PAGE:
Little documentary evidence of the nature of the games (ludi) remains. They appear to have followed the standard format of the Roman games: animal entertainments in the morning session, followed by the executions of criminals around midday, with the afternoon session reserved for gladiatorial combats and recreations of famous battles. The animal entertainments, which featured creatures from throughout the Roman Empire, included extravagant hunts and fights between different species. Animals also played a role in some executions which were staged as recreations of myths and historical events. Naval battles formed part of the spectacles but whether these took place in the amphitheatre or on a lake that had been specially constructed by Augustus is a topic of debate among historians.

Only three contemporary or near-contemporary accounts of the games survive. The works of Suetonius and Cassius Dio focus on major events, while Martial provides some fragments of information on individual entertainments and the only detailed record of a gladiatorial combat in the arena to survive to the present day: the fight between Verus and Priscus.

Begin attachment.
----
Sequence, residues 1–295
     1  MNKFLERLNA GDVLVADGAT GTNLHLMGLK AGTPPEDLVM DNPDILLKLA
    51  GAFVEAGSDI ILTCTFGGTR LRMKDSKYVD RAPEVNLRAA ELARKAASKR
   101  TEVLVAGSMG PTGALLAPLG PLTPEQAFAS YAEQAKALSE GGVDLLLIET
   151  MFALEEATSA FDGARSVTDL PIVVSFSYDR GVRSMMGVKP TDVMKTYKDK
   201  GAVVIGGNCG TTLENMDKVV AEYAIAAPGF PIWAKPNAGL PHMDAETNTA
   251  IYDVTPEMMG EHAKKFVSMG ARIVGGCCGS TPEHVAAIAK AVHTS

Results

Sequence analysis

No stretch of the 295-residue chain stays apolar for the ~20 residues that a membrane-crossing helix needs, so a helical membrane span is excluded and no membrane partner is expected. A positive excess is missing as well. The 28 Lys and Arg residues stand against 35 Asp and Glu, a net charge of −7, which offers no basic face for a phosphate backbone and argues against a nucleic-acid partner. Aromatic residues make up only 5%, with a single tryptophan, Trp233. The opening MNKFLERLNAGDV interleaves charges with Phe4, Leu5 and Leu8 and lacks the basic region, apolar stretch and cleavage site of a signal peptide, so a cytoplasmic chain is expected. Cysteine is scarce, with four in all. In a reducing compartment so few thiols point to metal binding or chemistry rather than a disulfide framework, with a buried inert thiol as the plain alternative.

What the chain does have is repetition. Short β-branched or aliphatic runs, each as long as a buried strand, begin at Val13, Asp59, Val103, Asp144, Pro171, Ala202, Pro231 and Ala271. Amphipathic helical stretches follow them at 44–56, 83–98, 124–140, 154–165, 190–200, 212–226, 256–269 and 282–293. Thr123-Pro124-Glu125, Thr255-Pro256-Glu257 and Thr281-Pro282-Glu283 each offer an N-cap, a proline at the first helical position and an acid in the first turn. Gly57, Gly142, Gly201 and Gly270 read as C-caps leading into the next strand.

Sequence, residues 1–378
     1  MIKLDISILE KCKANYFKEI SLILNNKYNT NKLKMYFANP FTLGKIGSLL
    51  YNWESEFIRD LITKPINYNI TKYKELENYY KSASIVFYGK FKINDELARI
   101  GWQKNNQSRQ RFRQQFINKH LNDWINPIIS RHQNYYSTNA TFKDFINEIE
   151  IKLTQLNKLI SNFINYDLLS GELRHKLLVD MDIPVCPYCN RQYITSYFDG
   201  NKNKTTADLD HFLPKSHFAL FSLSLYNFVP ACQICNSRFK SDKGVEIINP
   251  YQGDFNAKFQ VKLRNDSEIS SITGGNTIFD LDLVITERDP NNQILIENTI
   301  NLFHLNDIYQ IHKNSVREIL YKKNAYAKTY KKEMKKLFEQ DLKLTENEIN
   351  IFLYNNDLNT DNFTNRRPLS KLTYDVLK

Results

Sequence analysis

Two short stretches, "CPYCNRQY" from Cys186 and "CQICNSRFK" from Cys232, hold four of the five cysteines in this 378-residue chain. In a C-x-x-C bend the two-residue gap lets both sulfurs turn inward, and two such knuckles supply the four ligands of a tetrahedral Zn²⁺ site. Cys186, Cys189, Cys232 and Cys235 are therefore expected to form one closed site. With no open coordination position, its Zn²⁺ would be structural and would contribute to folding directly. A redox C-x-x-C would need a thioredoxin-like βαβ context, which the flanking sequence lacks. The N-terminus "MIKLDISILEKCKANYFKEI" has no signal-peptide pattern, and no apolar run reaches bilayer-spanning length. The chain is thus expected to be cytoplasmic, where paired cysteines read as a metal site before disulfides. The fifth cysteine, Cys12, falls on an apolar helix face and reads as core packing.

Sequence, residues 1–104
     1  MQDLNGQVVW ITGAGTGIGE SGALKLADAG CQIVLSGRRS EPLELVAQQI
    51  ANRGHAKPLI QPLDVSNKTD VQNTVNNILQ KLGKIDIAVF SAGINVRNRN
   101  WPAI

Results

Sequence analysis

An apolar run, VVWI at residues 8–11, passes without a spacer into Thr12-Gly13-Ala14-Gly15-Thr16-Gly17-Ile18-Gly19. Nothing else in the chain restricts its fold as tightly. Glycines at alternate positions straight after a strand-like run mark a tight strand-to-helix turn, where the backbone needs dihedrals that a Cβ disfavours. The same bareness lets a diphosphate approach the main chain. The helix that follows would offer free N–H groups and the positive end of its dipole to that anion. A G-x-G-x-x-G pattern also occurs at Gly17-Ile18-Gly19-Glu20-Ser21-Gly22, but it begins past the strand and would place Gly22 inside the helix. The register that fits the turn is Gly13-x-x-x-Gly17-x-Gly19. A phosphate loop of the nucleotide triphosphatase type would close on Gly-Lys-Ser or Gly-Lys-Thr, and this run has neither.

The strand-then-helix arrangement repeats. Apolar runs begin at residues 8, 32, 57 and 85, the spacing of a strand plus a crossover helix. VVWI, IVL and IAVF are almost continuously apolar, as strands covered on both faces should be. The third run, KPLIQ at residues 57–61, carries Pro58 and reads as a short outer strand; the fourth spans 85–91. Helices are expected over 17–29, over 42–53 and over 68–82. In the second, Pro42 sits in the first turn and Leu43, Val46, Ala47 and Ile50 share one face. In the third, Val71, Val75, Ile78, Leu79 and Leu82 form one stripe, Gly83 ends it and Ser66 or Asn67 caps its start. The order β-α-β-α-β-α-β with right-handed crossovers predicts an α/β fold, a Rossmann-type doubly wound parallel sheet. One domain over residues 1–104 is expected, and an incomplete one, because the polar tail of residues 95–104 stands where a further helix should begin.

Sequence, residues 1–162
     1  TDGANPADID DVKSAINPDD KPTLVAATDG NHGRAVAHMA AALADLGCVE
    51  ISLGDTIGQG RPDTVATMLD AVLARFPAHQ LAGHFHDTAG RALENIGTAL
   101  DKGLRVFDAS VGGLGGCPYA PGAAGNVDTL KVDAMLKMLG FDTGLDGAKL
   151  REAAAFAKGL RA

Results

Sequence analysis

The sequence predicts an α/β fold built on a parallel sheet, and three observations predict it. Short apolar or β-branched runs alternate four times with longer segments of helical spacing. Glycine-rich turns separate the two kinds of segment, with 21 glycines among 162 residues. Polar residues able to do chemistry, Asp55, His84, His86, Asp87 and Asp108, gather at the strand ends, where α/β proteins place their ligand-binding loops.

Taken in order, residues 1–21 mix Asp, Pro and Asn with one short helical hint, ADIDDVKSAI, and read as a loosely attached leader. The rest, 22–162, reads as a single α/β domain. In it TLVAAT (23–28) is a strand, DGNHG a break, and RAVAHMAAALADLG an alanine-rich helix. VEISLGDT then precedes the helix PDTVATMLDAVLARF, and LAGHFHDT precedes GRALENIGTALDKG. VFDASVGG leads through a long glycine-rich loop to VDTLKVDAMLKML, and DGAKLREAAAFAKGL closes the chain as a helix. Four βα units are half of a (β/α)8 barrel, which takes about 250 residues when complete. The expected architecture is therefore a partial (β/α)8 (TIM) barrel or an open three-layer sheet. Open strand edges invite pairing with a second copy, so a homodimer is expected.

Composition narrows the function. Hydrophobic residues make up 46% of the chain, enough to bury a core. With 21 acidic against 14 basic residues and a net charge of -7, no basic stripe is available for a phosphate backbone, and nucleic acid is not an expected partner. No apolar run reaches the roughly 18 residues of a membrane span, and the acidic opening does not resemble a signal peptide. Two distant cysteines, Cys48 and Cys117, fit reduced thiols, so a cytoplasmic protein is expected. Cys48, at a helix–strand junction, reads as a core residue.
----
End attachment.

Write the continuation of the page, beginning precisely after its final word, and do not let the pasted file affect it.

Background
Construction of the amphitheatre

Construction of the Colosseum started under Vespasian in an area on the floor of a low valley between the Caelian, Esquiline and Palatine hills. The site had been devastated by the Great Fire of Rome in AD 64 under the Emperor Nero and later redeveloped for his personal enjoyment with the construction of a huge artificial lake, Domus Aurea, and a colossal statue of himself.[1]

Vespasian started his own redevelopment of the site around AD 70 to 72, possibly funding the construction with booty seized after the Roman victory in the First Jewish-Roman War in AD 70. The lake was filled and the site designated as the location for the Flavian Amphitheatre. By reclaiming the land appropriated by Nero for the site for his amphitheatre, Vespasian at once made both a popular gesture and placed a symbol of his power at the heart of the city.[2] Gladiatorial schools (ludi) and other support buildings were later constructed within the former grounds of the Domus Aurea, much of which had been torn down.[3]

Vespasian died just before the amphitheatre was completed. The building had reached the third storey and Titus was able to finish construction of both the amphitheatre and adjacent public baths (which were to be known as the Baths of Titus) within a year of Vespasian's death.[3]
Reign of Titus
A bust of Titus